For the seafood dish, oysters, mussels and saithe  are on the menu – all from Sweden’s west coast. The oysters will come from Grebbestad, the source of 90 percent of Sweden’s oysters. Because of the cold, salty water of the area around Bohuslän the oysters grow slowly and become rich in flavor, these oysters are considered among the best in the world. The mussels will come from Mollösund, where they are organically grown in a sustainable environment. The saithe , which migrate from the North Sea to the Skagerrak coast in May, is a wild-caught white-fleshed fish similar to cod, but thicker and leaner.

“My experience with Swedish ingredients should be an advantage,” says Myllymäki, “But when you’re competing against the world’s best chefs, there are no shortcuts.”

Eyes on the prize

Preparing for the competition is not unlike the rigorous training for Olympic athletes. Tommy has a whole team helping him: his commis, Albin Edberg; coach Jonas Dahlbom, who took fourth at Bocuse d’Or in 2005; and the support of Henrik Norström, President of the Swedish Bocuse d’Or Academy, who won a silver in 2001. And Myllymäki has been training non-stop – that is, when he’s not operating his many restaurants or serving as creative director of several of Stockholm’s most popular kitchens: Sturehof, Riche, Taverna Brillo and Teatergrillen.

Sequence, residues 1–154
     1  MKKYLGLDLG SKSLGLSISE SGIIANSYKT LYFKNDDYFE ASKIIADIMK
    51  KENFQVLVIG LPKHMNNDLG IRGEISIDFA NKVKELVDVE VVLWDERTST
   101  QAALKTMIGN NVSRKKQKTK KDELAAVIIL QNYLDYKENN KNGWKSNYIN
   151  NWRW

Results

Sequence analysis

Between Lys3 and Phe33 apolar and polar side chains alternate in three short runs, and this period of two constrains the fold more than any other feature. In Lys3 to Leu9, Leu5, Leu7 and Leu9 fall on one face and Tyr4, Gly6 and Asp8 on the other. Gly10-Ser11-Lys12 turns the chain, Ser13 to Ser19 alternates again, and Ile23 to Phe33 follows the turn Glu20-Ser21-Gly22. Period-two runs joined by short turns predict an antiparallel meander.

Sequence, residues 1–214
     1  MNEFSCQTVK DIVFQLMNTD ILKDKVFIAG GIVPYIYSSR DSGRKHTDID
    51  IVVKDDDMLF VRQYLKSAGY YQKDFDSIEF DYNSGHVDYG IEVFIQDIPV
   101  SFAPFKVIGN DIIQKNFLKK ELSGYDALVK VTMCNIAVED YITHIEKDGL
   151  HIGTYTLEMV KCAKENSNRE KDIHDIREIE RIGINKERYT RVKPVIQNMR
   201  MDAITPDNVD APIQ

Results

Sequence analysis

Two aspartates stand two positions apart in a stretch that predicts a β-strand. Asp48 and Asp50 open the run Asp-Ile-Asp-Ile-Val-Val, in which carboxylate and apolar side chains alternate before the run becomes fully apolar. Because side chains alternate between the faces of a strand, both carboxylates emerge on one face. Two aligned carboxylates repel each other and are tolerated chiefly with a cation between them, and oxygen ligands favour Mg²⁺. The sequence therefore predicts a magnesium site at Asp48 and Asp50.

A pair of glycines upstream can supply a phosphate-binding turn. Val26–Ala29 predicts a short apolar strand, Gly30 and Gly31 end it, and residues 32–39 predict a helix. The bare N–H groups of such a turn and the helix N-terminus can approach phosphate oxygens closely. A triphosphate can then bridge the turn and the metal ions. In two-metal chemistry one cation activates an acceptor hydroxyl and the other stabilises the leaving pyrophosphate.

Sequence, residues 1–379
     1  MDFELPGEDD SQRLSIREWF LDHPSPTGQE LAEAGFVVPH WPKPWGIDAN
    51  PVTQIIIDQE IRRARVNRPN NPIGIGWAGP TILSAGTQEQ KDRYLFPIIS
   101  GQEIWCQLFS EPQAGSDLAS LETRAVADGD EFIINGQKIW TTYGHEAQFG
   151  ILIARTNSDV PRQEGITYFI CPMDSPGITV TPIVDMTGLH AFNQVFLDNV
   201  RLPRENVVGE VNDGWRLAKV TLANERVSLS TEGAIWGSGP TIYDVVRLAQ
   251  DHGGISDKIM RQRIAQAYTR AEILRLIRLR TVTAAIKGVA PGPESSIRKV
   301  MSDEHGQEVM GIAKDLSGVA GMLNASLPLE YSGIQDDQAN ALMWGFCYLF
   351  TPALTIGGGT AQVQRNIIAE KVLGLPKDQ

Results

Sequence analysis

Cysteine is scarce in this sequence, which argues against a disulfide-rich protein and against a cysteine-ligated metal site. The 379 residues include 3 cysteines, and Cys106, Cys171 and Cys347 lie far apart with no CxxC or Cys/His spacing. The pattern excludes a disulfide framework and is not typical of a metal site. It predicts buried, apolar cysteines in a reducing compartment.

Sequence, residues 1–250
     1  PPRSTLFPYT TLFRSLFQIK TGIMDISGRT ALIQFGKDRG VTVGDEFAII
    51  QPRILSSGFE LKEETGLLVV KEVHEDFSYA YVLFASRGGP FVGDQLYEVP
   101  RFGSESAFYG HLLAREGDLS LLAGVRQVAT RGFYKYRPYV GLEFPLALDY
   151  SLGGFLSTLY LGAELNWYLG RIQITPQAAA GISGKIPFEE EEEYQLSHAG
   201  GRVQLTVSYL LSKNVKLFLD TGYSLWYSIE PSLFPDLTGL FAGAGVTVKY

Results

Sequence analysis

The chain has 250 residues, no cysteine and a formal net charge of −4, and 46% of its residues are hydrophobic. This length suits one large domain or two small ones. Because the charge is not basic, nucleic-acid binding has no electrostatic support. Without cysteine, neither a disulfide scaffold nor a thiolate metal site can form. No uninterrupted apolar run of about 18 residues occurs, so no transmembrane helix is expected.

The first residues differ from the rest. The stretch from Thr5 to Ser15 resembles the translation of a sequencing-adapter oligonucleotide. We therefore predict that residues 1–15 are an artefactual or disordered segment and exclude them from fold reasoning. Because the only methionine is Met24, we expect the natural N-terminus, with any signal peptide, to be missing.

“Nothing in my career has been more important than winning the Bocuse d’Or,” says Mathias Dahlgren, who is now Honorary President of the Bocuse d’Or Europe. Dahlgren is also chairman of Bocuse d’Or Academy Sweden and a founding member of Gastronomi Sverige, the two organizations responsible for arranging the European finals. “The fact that Stockholm is hosting the European finals shows what a strong position Sweden has as a culinary nation and a gastronomic inspiration.”

Photo: Gastronomi Sverige
Tommy Myllymäki and commis Albin Edberg. Photo: Gastronomi Sverige

City on fire

The event will take place in conjunction with Gastro Nord, Northern Europe’s most important trade fair for the hotel, restaurant and catering industry. Today it attracts around 20,000 visitors from the food and beverage industry, making it the ideal backdrop for the European championships of the Bocuse d’Or.

In recent years the city of Stockholm has begun attracting talent from around the world because of its reputation as a place where chefs are reinventing their roots and food traditions. Here, gastronomy intersects with fashion, design, music and technology – making it an ideal location for the most anticipated culinary competition of the year. Welcome to Bocuse d’Or Europe 2014 in Stockholm!

Photo: Morgan Ekner
Lux Dag för Dag, Lilla Essingen, Stockholm. Photo: Morgan Ekner

All of Sweden’s past bocuse d’Or medalists are active in Stockholm:

  • 1995: Melker Andersson (F12), silver
  • 1997: Mathias Dahlgren (Mathias Dahlgren), gold
  • 2001: Henrik Norström (Lux Dag för Dag), silver
  • 2009: Jonas Lundgren (Restaurant Jonas), silver
  • 2011: Tommy Myllymäki (Restaurant Sjön, creative chef at Sturehof, Teatergrillen, Riche and Taverna Brillo), silver

Read more about the competing countries and times here.